The Ute Indian Museum is offering free admission to federal employees during the government shutdown.
Adult admission is regularly $6, but those who can show a federal employee ID or badge will be able to get in for free, along with a guest, such as a friend, spouse or children.
The local museum, located at 17253 Chipeta Road, is just one of several community museums part of History Colorado making admission free.
Others include Healy House Museum and Dexter Cabin in Leadville, Center for Colorado Women’s History in Denver, Trinidad History Museum in Trinidad, Fort Garland Museum and Cultural Center in Fort Garland, Fort Vasquez Museum in Platteville, El Pueblo History Museum in Pueblo and the History Colorado Center in Denver.
“Until the shutdown goes away, they can come in and bring a guest. They can get in for free, too,” said Ute Indian Museum Director CJ Brafford. “It’s the right thing to do. We’re Americans, and we have to find that balance and look out for each other.”
Brafford said she knows free admission to a museum is not much, but she hopes it can help those furloughed or those not being paid by letting them get away for a little bit.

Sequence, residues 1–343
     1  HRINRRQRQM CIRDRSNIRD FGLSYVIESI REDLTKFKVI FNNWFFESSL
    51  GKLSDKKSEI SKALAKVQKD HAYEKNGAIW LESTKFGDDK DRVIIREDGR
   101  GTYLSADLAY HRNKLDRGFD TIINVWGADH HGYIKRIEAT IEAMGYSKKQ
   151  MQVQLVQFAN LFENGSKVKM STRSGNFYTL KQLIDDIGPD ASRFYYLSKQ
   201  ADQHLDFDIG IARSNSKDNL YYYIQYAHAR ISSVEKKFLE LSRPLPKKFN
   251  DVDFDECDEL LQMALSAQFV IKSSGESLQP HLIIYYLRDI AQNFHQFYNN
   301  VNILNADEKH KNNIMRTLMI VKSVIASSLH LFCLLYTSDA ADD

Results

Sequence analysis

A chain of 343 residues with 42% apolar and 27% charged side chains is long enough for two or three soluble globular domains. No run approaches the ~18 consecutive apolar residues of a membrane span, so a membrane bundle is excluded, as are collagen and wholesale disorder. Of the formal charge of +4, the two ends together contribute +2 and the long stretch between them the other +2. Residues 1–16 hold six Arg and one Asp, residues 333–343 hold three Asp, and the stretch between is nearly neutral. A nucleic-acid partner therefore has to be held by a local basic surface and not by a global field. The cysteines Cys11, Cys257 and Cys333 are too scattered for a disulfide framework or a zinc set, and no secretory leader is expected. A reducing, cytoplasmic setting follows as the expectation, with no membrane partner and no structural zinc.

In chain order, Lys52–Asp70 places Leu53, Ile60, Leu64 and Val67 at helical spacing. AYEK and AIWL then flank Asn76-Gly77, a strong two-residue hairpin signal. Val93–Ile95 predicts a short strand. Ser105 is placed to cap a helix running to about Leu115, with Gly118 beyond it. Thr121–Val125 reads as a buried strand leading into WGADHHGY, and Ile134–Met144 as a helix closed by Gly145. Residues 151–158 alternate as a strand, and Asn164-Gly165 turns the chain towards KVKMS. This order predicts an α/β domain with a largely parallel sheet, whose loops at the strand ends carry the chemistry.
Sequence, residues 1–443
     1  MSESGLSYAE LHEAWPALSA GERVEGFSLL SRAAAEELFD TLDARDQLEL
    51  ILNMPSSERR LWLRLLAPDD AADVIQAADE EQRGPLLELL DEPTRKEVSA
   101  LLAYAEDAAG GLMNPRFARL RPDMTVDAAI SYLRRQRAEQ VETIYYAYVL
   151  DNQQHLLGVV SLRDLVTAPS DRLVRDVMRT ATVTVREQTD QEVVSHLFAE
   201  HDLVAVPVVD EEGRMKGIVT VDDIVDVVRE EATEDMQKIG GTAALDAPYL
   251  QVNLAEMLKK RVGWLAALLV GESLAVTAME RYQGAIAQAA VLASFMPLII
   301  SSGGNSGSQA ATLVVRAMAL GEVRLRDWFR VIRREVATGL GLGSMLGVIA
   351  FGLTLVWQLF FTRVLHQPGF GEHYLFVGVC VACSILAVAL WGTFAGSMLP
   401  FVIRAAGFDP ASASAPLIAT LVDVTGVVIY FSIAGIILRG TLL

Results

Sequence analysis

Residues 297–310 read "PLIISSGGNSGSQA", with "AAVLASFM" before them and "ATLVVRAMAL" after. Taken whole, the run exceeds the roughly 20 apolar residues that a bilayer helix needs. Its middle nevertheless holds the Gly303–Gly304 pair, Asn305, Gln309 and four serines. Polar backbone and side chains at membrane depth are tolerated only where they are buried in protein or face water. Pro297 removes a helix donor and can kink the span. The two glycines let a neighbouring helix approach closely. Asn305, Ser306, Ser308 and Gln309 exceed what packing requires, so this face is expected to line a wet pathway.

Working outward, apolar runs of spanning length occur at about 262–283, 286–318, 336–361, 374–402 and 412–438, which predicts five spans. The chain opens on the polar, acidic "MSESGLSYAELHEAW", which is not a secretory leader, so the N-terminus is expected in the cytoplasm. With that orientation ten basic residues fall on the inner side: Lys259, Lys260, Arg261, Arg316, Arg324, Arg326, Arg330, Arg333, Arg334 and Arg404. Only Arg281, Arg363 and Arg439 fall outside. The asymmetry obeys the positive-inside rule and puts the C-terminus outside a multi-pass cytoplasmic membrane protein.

“Through acts like this, it shows we have a voice and can stand up for one another, and we feel like it’s wrong — what’s being done,” she said.
The government shutdown is in its 20th day with no apparent end in sight. Roughly 800,000 government employees nationwide — roughly 50,000 of those in Colorado — are either furloughed or working without pay due to Congress not yet approving a budget.
President Donald Trump has asked for $5 billion in the budget for a wall between the United States and Mexico.
According to the Colorado Sun, 13 percent of unemployment claims filed between Dec. 22 — the beginning of the shutdown — and Tuesday have been from federal workers.
Justin Tubbs is the managing editor for the Montrose Daily Press.